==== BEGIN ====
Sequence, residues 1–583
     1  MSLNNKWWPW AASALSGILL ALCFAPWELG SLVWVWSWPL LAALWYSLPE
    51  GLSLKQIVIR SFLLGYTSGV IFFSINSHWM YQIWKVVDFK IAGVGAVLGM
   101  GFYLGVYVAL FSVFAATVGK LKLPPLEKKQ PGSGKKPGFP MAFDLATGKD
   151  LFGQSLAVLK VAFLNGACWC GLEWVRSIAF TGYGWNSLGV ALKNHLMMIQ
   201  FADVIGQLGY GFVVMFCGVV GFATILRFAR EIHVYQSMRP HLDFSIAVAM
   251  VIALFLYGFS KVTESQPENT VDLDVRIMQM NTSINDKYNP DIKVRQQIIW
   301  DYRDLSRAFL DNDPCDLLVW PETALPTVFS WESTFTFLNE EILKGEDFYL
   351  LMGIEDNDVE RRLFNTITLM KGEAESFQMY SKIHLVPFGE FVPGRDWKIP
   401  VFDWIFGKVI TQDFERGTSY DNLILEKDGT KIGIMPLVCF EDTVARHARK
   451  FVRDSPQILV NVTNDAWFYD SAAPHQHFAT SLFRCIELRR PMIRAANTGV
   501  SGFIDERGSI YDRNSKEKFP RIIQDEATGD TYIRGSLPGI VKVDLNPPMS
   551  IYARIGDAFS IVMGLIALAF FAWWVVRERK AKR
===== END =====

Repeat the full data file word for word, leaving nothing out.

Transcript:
Sequence, residues 1–583
     1  MSLNNKWWPW AASALSGILL ALCFAPWELG SLVWVWSWPL LAALWYSLPE
    51  GLSLKQIVIR SFLLGYTSGV IFFSINSHWM YQIWKVVDFK IAGVGAVLGM
   101  GFYLGVYVAL FSVFAATVGK LKLPPLEKKQ PGSGKKPGFP MAFDLATGKD
   151  LFGQSLAVLK VAFLNGACWC GLEWVRSIAF TGYGWNSLGV ALKNHLMMIQ
   201  FADVIGQLGY GFVVMFCGVV GFATILRFAR EIHVYQSMRP HLDFSIAVAM
   251  VIALFLYGFS KVTESQPENT VDLDVRIMQM NTSINDKYNP DIKVRQQIIW
   301  DYRDLSRAFL DNDPCDLLVW PETALPTVFS WESTFTFLNE EILKGEDFYL
   351  LMGIEDNDVE RRLFNTITLM KGEAESFQMY SKIHLVPFGE FVPGRDWKIP
   401  VFDWIFGKVI TQDFERGTSY DNLILEKDGT KIGIMPLVCF EDTVARHARK
   451  FVRDSPQILV NVTNDAWFYD SAAPHQHFAT SLFRCIELRR PMIRAANTGV
   501  SGFIDERGSI YDRNSKEKFP RIIQDEATGD TYIRGSLPGI VKVDLNPPMS
   551  IYARIGDAFS IVMGLIALAF FAWWVVRERK AKR